If you’re ever at a point in your life where you can’t express what your wishes or desires are as far as your healthcare decisions, you would need a healthcare proxy document. These documents name someone as your agent or proxy. You’re essentially designating a power of attorney or a surrogate for your health care who can communicate for you if there are decisions to be made regarding care or treatment.
The objective of having a healthcare proxy is to ensure you’re getting the treatment you want, even if you can’t convey those wants at the given time.
The following are five more specific things to know about healthcare proxies.
1. What Is It?
A healthcare proxy is a document naming someone you trust to be your agent to make healthcare decisions and convey your wishes if you can’t speak for yourself. You’ll hear this document called a durable medical power of attorney or an appointment of a health care surrogate or health care agent.
You don’t have to have a terminal illness to designate a proxy on your behalf. Your proxy could make decisions for you even with a temporary illness or injury, as well as one expected to be permanent.
In many cases, a doctor has to certify someone is incapacitated before a proxy can start making decisions. You may have to give this person access to health records and information, depending on what permissions you give them. If you want to restrict the abilities or what a proxy can see of your records, you can include these limitations in your proxy document.
2. Choosing a Proxy
As you might imagine, choosing a health care proxy is a big decision. You want someone who has similar beliefs or attitudes as your own toward illness, health, death, and dying. You want someone who understands your attitudes about medical treatment preferences, your religious beliefs, and your general feelings about care providers.
You could include this information in a living will, and if needed, your proxy can use that document as a way to make decisions for you.
A lot of states will combine a proxy and a living will into a single advanced directive document.
You can change your proxy at any time, and if you regain decision-making ability, you can once again speak for yourself.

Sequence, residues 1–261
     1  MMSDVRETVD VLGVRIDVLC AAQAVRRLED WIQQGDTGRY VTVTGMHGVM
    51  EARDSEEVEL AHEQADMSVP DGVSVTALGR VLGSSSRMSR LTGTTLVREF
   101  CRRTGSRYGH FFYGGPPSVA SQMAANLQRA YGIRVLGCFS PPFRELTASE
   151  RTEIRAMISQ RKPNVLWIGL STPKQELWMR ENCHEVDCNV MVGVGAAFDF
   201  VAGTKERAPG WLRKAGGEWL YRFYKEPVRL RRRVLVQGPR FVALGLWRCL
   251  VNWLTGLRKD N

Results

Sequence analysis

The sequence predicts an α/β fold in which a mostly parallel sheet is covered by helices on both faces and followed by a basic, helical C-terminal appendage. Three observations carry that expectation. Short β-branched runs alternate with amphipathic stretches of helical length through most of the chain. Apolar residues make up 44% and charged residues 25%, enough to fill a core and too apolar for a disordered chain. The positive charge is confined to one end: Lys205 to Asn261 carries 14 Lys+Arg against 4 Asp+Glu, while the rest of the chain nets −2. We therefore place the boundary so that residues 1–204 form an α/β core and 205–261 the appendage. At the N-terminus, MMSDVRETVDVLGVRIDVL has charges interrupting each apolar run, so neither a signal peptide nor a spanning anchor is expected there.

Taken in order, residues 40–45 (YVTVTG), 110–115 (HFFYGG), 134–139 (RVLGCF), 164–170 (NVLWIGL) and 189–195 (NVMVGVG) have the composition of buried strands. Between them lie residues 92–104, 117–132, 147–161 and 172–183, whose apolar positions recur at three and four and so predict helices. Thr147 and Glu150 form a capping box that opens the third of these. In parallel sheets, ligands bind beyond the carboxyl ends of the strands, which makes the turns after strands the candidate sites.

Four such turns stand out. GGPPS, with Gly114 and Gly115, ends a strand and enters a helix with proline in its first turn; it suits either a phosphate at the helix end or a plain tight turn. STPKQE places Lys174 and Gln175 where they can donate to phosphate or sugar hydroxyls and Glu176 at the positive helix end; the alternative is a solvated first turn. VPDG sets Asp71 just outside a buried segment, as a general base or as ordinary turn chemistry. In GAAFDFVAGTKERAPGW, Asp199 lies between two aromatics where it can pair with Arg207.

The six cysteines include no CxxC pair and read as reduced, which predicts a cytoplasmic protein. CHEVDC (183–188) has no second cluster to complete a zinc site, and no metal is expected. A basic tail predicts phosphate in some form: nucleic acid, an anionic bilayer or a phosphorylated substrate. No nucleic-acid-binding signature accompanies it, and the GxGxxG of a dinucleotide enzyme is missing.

As long as you trust someone and they’re at least 18, they can be your proxy.
3. The Risks of Not Having a Proxy
If you don’t have a healthcare proxy and you’re incapacitated for any reason, issues can arise. Your loved ones might have to go to court to get you the needed medical care, which takes a lot of time and can affect you in the near term. The court could appoint someone, including a stranger, who will make decisions for you. That’s why it’s a lot better to handle this ahead of time and choose someone you trust.
4. When a Proxy is in Effect
The laws of your state can determine when a healthcare proxy takes effect. In some states, the requirement is that two doctors confirm in writing a person can’t make decisions. In other states, it may be a single doctor or the treating doctor who makes the decision.
5. Getting a Proxy
There are a lot of ways to create a health care proxy. You can use a form specific to your state or go through an online legal service. You can also have a lawyer prepare a proxy, but you need to be aware of the laws in your state. Some states will require, for example, that you have two witnesses and that the proxy is notarized. Once you create the document, you should give a copy to your primary care provider, agent, hospital, and anyone else you think could be relevant.
Having a healthcare proxy is part of a complete estate plan.
You can name a backup, which is always a good idea in case the person you name can’t carry out their duties. Again, if you don’t have a proxy and potentially a backup, your state might be able to determine who can make your medical decisions. While most states will let close family members do it, you might not trust them to make your decisions. In some states, if you don’t have a proxy, the decisions are left to your doctors and the administrators of the hospital.
As you create a proxy, think about the treatments you don’t want to receive, your religious beliefs, and how you feel about life-saving treatments versus palliative care.